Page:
i hate this part…

you know, when you can’t think of anything to write about? i need some sort of note-taking thing that’s wired into my brain (c’mon DARPA, help me out here – i know you’re working on it) so i can “take notes” without having to take notes. clear?

it seems when just wandering (well, stumbling bemusedly) through my day, i have all these little random thoughts that seem really interesting at the time. i carry a notebook, but often these ideas hit me when it’s not accessible. or when it would be inappropriate to pull out and start scribbling. or dangerous; the morning commute comes to mind.

so, all my great internal flowerings of wit bloom and die, unseen by the outside world (that means y’all). you don’t know what you’re missing. and, honestly, neither do i. if i could remember them, i’d write them down.

so, some random space fillers, in no particular order:

1. the HCBC is gearing up for the new decade. we’ve got a work space, and plan to have regular hours for folks to come by and work on their bikes with our tools “real soon now.” we’re also going to move our workshops into the space, making them a “rain or shine” event for the future. keep an eye out for an open invitation to an upcoming open house.

2. i really wish they didn’t have the SPCA bring dogs on the radio that need adoption. not because i wish ill for the dogs or the SPCA, but because it makes me sad. and it’s hard to drive to work or class if i’m bummed out. i don’t have the room or the funds to adopt a dog right now (and let’s not dwell on my antipathy towards cats), but every time i hear about these critters on the radio i want to bring them home. so you have to do it for me.

3. did we really need a remake of Clash of the Titans? i mean, the greatest attraction of the original are the Harryhausen special effects. well, and Ursula Andress. but i digress. the new film will be all seamless CGI, like Avatar and the Star Wars prequels. it seems to me (though this may be my not-well-hidden inner curmudgeon creeping out) that back when the effects guys were actually trying to create a realistic effect in the corporeal world, it gave us a better experience than the “throw tons of cpu cycles at it” approach. i know that the spaceships in the prequels look “cooler” (or, at least, smother) than those in the original trilogy, but they are less “real” because of it. if you’re going to make a film about big blue people, put some dudes in rubber suits.

4. the new Jaguar XJ is hot. i got to check it out up close, in detail at Baker Motor Company‘s launch event (now i just need a test drive). it’s got a very Citroën-inspired feel to the rear quarters. i like it a lot. but why are we only getting the V8 cars? i want the diesel! it’s only half a second slower to 60 mph than the non-supercharged V8 car (6 seconds versus 5.4), and gets 40 mpg combined. combined! did i mention significantly lower (than the petrol) CO2 emissions, with the same top speed (155 mph, in Europe)? and it runs around $11 thousand less for similar trim levels.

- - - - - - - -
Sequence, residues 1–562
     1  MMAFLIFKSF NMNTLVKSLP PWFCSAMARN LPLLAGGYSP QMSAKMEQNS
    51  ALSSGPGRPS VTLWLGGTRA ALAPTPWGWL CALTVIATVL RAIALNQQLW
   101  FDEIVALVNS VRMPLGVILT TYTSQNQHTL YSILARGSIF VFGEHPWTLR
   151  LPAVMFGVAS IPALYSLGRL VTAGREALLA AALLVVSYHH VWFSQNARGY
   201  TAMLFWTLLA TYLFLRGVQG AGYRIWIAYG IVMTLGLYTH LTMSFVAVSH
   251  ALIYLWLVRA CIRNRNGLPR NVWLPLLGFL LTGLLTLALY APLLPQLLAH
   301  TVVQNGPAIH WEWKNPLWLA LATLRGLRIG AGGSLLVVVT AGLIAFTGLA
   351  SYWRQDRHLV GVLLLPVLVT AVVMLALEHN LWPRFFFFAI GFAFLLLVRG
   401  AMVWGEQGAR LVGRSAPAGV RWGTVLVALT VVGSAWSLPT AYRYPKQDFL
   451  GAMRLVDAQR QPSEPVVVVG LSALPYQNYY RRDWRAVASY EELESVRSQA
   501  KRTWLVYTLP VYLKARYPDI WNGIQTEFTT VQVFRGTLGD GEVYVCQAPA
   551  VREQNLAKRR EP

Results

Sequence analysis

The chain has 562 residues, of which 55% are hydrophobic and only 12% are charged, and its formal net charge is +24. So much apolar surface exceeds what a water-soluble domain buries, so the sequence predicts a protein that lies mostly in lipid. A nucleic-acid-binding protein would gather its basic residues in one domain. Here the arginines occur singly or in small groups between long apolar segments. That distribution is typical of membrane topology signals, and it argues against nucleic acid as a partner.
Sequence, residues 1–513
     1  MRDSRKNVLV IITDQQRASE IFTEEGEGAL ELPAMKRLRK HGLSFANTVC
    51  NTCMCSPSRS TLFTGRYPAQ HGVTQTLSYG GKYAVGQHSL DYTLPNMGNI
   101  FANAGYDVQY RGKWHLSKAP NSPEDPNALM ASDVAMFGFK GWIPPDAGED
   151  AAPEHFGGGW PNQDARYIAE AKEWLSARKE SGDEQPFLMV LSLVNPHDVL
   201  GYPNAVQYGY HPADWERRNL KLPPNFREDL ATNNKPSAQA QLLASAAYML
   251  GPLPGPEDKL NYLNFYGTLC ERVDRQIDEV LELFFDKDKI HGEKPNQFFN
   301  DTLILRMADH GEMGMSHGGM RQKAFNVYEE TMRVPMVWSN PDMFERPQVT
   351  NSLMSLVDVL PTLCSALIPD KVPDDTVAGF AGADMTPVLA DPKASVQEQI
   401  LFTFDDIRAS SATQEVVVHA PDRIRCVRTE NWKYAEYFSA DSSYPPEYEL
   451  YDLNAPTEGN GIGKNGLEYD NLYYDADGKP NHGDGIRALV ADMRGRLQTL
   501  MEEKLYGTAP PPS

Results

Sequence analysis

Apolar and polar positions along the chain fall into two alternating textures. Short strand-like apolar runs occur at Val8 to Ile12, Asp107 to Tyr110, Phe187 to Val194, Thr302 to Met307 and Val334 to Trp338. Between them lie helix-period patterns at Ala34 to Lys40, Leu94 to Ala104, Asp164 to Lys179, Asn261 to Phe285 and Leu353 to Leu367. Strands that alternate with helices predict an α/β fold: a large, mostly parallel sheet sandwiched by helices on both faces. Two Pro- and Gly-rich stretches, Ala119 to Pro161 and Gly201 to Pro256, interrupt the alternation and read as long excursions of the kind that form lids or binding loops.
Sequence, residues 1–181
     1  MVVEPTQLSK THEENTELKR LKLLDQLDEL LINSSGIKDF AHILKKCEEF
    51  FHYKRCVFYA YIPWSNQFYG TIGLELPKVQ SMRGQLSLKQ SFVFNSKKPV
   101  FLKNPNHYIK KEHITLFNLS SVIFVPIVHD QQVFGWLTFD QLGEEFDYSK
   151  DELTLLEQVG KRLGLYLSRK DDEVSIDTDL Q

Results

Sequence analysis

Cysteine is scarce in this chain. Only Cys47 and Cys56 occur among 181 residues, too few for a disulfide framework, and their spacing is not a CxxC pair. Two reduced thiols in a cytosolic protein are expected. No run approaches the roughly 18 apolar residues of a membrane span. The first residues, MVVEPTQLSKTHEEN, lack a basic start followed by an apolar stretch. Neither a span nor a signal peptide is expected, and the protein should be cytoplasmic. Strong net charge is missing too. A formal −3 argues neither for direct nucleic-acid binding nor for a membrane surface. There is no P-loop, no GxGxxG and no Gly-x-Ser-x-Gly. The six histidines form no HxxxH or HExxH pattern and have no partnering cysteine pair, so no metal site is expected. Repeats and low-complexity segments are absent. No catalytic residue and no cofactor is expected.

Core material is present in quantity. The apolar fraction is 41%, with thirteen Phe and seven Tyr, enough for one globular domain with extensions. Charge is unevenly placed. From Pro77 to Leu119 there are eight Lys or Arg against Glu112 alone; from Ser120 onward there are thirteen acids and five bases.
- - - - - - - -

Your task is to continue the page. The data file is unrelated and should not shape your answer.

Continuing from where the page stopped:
5. i’m beginning to loathe the term “graphic novel.” i really enjoy comic books. but not every comic book is a graphic novel. so stop calling them all that. Maus is a graphic novel. Pride of Baghdad is a graphic novel. Watchmen, V for Vendetta – graphic novels. some random storyline, contiguous in nature, collected in a single volume? Excalibur Classic, Vol. 1? not a graphic novel (good comic, though). just because it’s been collected and has a convenient unifying label hung on it doesn’t mean it’s a graphic novel. comic books are ongoing or single issue pamphlet-format works that tell a story without a preordained resolution. one could, perhaps, make the case for some one-shots as “graphic short stories,” but even most of them are beholden to external continuity. a graphic novel, on the other hand, is a story told through the same visual forms as the comic book (whether initially serialized or not) that has a beginning, middle and end. it is a contained story where the author is trying to either tell that story or expand on a larger theme. Maus, for example, tells the story of one man’s life during the Holocaust. it, therefore, is a contained story. Art Spiegelman is using the form of the comic to tell that story and make his points – he could have used other forms to do the same thing. Claremont and Davis really couldn’t have chosen another format for Excalibur, and there’s no resolution. the title ran on another 120 issues or so, through multiple creative teams, until it finally petered out. that’s not a novel, and neither are the smaller chunks – whatever titles you want to hang on them.

whew!

for not having anything to write about, i managed to burp out quite a bit. if you made it this far, i hope you enjoyed today’s maunderings. cheers!

quote of the day:

“Life and love are life and love, a bunch of violets is a bunch of violets, and to drag in the idea of a point is to ruin everything. Live and let live, love and let love, flower and fade, and follow the natural curve, which flows on, pointless.” – D.H. Lawrence

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